As reaction to tax plan filters in, Dayton says he'll hit road to promote it


Gov. Mark Dayton told reporters he learned something in the first 24 hours after proposing a state budget and tax overhaul. "Everyone is for change," says the governor,"as long as it doesn't happen to them."

The Associated Press reports Dayton plans to take to the road, promoting his package of tax changes to chambers of commerce and service organizations around Minnesota.

Dayton's pitch for the plan is already underway inside the Capitol. But MPR reports that in the early going some key lawmakers, even in Dayton's own DFL party, are noticeably non-commital about his proposals.

The Minnesota Chamber of Commerce is a staunch advocate of balancing budgets by cutting spending rather than increasing tax revenue. Even so, Twin Cities Business reports the state chamber found some things to like in Dayton's plan, which the group reviewed in a webinar on Wednesday.

Expanding the state sales tax to more goods and services looks to be the most controversial piece of Dayton's package of suggestions. Retailers were already speaking out against applying the sales tax to clothing. But since Dayton's budget speech Tuesday, the Star Tribune reports many in the corporate world are fighting against taxing "business-to-business" services. Those taxes would affect attorneys, accountants, architects, and ad agencies among others.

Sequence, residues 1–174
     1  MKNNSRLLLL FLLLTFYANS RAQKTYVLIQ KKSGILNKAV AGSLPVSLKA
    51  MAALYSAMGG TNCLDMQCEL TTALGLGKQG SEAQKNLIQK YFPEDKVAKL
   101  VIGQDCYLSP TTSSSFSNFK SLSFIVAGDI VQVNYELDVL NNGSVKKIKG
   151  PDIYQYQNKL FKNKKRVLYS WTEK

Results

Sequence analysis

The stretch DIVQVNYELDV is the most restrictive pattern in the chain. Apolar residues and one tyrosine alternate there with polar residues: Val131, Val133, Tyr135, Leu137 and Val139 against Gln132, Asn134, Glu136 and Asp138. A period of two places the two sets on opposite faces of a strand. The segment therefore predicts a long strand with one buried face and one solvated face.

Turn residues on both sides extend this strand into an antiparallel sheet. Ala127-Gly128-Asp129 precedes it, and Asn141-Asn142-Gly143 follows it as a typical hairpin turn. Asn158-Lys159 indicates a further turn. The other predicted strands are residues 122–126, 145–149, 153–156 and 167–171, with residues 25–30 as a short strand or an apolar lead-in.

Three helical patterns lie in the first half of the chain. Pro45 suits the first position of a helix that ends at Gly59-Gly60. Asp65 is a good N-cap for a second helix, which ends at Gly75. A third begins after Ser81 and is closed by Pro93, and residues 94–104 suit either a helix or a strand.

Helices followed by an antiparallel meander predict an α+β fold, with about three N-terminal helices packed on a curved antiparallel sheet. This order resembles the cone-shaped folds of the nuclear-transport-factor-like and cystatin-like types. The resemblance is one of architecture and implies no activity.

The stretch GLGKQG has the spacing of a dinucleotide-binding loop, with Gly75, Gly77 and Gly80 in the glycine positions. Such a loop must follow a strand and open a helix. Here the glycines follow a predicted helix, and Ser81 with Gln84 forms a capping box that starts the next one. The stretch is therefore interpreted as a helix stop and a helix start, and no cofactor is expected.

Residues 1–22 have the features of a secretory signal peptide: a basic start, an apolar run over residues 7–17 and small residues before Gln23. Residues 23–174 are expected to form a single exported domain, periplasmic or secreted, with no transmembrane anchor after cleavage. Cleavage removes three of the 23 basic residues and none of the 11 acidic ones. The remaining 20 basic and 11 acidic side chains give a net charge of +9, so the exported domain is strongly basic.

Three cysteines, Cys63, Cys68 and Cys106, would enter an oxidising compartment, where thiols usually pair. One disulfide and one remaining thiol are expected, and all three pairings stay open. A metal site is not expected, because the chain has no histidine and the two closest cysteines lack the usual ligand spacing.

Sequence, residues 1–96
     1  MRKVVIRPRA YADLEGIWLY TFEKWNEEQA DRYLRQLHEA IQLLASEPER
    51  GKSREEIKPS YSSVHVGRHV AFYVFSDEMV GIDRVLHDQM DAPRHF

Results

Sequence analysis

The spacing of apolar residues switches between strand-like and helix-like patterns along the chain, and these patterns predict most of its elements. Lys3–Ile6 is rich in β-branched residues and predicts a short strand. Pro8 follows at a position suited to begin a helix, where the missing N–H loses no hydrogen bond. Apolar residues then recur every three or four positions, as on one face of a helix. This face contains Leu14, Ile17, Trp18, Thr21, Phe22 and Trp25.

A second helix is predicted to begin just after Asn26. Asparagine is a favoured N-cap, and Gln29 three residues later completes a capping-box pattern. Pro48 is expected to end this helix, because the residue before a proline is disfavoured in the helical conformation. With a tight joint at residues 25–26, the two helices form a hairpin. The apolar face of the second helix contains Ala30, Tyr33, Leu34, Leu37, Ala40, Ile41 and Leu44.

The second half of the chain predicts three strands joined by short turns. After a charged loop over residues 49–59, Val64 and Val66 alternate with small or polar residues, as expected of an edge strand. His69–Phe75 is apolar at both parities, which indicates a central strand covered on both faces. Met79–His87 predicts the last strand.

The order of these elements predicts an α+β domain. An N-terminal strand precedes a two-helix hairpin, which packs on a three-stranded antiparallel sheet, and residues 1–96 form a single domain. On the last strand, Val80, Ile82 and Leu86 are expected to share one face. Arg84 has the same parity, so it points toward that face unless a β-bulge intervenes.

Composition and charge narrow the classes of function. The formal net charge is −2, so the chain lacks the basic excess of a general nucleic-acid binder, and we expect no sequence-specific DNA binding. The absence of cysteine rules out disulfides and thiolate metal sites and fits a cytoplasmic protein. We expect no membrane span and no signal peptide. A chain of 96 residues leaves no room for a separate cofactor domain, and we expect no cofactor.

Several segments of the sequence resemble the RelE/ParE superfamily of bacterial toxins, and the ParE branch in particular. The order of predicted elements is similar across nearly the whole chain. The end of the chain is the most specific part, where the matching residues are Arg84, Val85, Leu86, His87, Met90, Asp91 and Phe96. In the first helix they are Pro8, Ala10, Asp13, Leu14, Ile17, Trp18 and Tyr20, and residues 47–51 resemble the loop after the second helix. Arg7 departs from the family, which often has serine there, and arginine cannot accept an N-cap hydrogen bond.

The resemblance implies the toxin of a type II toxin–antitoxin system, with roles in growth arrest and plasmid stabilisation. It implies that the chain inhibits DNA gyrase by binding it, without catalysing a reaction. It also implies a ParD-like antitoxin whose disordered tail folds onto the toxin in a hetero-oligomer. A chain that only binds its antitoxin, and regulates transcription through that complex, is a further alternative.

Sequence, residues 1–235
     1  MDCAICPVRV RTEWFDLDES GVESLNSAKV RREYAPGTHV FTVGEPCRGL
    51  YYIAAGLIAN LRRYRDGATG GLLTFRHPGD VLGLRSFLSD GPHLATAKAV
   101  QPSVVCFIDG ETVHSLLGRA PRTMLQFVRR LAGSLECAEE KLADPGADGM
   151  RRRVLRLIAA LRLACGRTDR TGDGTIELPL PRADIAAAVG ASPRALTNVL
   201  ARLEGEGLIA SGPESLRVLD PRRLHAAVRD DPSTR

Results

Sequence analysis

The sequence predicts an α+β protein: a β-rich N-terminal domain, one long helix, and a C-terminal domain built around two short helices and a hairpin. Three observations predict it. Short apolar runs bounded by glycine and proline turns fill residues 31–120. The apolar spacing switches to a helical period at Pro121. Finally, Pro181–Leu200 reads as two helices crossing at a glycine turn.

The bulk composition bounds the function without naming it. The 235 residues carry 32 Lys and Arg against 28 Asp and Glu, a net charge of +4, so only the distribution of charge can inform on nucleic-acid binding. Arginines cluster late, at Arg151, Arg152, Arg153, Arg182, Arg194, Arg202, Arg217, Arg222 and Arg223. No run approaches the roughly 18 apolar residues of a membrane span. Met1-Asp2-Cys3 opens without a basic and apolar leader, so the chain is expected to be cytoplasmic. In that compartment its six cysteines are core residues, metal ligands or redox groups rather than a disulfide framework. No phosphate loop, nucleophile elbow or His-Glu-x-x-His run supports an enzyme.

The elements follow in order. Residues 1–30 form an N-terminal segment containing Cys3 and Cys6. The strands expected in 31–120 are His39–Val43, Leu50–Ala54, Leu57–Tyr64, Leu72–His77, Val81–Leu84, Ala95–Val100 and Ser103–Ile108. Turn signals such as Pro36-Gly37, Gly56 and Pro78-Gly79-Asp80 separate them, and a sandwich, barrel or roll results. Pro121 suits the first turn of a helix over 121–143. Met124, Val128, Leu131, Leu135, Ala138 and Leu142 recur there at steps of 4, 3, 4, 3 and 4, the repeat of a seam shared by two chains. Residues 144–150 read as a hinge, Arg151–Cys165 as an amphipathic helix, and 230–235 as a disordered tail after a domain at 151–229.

The governor's plan is also getting scrutinized by local governments, particularly the counties in the Twin Cities area. That's where Dayton has proposed a sales tax increase to pay for transit improvements.

And news organizations are turning their microscopes to Dayton's proposals, as well. MPR looked at which cities would benefit most from increases in local government aid. WCCO looked around the country to put Minnesota's sales tax in perspective. And Forum News Service reports state-sponsored health insurance coverage would expand.

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